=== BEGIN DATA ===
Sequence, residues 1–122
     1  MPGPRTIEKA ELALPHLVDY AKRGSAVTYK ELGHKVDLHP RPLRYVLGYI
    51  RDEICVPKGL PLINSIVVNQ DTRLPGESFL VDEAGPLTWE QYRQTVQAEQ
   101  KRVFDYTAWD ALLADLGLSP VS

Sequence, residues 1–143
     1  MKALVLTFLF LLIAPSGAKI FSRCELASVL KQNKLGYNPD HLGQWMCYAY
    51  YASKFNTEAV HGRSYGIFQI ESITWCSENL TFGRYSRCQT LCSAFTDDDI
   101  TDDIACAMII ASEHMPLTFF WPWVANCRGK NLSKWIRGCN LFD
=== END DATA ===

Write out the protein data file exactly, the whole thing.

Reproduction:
Sequence, residues 1–122
     1  MPGPRTIEKA ELALPHLVDY AKRGSAVTYK ELGHKVDLHP RPLRYVLGYI
    51  RDEICVPKGL PLINSIVVNQ DTRLPGESFL VDEAGPLTWE QYRQTVQAEQ
   101  KRVFDYTAWD ALLADLGLSP VS

Sequence, residues 1–143
     1  MKALVLTFLF LLIAPSGAKI FSRCELASVL KQNKLGYNPD HLGQWMCYAY
    51  YASKFNTEAV HGRSYGIFQI ESITWCSENL TFGRYSRCQT LCSAFTDDDI
   101  TDDIACAMII ASEHMPLTFF WPWVANCRGK NLSKWIRGCN LFD